This Iconic Canadian Stock Is in the Middle of an Unstoppable Rally

Canadian Tire (TSX:CTC.A) is an iconic Canadian stock that almost seems unstoppable after powering higher after the worst of last year’s COVID disruptions.

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Canadian Tire (TSX:CTC.A) is an iconic Canadian stock that investors should always be looking to buy any time shares head south in a hurry. Of late, though, the name finds itself in the midst of an unstoppable rally, which has been going strong since those March 2020 lows.

The brick-and-mortar retailer’s digital strength kept it going strong, even through the worst of last year’s COVID lockdowns. While Canadian Tire will always be a brick-and-mortar retailer at heart, given its deep penetration across the nation and its close proximity to the average Canadian, its newfound strength in e-commerce puts Canadian Tire right up there with the omnichannel retail greats. And as we exit this horrific pandemic to a booming “Roaring ’20s” type of economy, the demand for discretionary goods is likely to continue to remain robust, and Canadian Tire will be there to meet the demand — offline or online.

Canadian Tire is a resilient retailer that refuses to be kept down

Canadian Tire has some pretty incredible managers running the show. The company has focused on developing and acquiring exclusive brands to build a moat around its retail business — something that’s pretty hard to do in the era of e-commerce disruptors like and the like.

After having demonstrated its resilience last year, investors should give the company the respect it deserves. It’s not just another sitting duck that’s waiting around to be shot down by Amazon. It’s a retailer that’s drawing on its strengths, and I think Canadian Tire’s recent momentum will continue well into the post-COVID environment, as it continues to strengthen its online offering and its Triangle loyalty program.

As the economy gradually reopens and lockdowns are lifted, Canadian Tire’s mall-based stores, most notably Mark’s and Sport Chek, will really have a chance to make up for lost time. Sure, people can order their shoes, workwear, and hiking gear online. Still, with team sports shuttered to curb the spread of the insidious coronavirus, I think that the post-COVID world will allow Canadian Tire’s non-namesake brands to finally meet what could be tremendous pent-up demand, as people take up sports once it’s completely safe to do so.

What about valuation in the iconic Canadian stock?

There are great tailwinds up ahead for Canadian Tire. Malls reopenings, the return of team sports, and recovering employment all bode well for the discretionary retailer. That said, the stock is white hot right now, after surging over 155% from its March 2020 peak to where the stock currently sits today.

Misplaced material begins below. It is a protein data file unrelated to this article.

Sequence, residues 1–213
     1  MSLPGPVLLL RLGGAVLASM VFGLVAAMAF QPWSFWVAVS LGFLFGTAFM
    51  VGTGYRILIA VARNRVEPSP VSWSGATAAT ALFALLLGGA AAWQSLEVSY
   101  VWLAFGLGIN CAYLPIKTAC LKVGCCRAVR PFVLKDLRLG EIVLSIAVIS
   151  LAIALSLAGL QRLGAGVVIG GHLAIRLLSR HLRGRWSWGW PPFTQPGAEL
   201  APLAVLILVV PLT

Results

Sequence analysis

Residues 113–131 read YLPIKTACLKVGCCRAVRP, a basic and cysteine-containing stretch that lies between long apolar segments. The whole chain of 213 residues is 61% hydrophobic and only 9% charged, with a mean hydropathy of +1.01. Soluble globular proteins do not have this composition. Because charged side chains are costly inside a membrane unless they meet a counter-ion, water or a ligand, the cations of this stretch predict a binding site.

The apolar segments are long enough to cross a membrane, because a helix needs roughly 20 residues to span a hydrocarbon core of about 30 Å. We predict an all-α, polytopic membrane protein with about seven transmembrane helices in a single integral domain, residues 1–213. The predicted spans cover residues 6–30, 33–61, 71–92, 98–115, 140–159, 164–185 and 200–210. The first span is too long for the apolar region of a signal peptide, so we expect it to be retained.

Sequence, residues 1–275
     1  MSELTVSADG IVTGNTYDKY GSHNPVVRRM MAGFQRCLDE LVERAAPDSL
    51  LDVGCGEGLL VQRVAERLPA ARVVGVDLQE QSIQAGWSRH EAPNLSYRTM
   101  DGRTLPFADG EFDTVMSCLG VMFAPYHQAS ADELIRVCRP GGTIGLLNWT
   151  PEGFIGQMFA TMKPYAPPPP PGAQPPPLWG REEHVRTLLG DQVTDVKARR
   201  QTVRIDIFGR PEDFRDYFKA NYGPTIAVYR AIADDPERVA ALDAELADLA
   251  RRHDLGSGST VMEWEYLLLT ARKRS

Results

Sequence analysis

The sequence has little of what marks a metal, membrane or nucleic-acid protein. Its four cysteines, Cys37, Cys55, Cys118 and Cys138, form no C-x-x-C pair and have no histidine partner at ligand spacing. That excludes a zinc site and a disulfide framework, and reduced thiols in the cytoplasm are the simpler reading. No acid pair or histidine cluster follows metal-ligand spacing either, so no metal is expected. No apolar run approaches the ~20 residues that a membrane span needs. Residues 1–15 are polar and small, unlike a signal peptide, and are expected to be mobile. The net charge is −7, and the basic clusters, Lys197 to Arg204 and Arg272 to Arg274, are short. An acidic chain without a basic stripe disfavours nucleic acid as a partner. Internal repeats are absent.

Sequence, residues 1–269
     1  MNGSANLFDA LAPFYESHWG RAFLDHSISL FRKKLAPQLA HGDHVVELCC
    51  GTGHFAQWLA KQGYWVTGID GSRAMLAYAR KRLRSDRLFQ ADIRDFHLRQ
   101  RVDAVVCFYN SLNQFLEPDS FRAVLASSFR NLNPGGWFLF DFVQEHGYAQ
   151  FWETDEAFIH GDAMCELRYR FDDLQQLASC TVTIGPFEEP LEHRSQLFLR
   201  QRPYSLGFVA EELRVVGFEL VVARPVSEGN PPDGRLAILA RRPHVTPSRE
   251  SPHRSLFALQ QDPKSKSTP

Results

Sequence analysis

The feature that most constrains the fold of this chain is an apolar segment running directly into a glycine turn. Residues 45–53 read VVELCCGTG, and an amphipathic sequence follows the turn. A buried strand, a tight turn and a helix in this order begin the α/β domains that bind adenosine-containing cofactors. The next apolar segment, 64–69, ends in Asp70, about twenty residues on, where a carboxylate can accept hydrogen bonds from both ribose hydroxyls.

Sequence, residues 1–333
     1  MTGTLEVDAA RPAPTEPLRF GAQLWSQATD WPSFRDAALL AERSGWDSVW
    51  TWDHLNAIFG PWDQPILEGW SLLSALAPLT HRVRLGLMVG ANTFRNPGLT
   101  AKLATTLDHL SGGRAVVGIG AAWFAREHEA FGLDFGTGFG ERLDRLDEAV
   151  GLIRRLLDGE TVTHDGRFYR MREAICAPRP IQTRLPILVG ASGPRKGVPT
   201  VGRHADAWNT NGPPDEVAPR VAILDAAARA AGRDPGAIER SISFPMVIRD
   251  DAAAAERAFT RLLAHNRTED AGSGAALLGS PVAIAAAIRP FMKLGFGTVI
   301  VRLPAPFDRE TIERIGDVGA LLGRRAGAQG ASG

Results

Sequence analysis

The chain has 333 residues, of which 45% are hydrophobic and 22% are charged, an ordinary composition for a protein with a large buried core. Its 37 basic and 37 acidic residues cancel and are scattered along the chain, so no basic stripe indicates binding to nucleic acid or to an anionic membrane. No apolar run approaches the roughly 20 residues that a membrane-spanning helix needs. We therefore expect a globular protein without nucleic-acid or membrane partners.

The stock trades at 13.9 times trailing earnings alongside a far less bountiful 2.2% dividend yield. While I think the road up ahead is smoother, I can’t say I’m very enticed by the premium valuation, which is heavily skewed towards the higher end of the historical range.

At 0.8 times sales, 2.7 times book and 7.4 times cash flow, shares of Canadian Tire are pretty much trading in line with most other retail department stores. As such, I’d say Canadian Tire is fairly valued at best right here and would encourage investors to wait for a pullback before initiating a position in a name that’s way too hot for my liking at current levels.

This article represents the opinion of the writer, who may disagree with the “official” recommendation position of a Motley Fool premium service or advisor. We’re Motley! Questioning an investing thesis — even one of our own — helps us all think critically about investing and make decisions that help us become smarter, happier, and richer, so we sometimes publish articles that may not be in line with recommendations, rankings or other content.

John Mackey, CEO of Whole Foods Market, an Amazon subsidiary, is a member of The Motley Fool’s board of directors. Fool contributor Joey Frenette owns shares of Amazon. David Gardner owns shares of Amazon. The Motley Fool owns shares of and recommends Amazon and recommends the following options: long January 2022 $1920 calls on Amazon and short January 2022 $1940 calls on Amazon.

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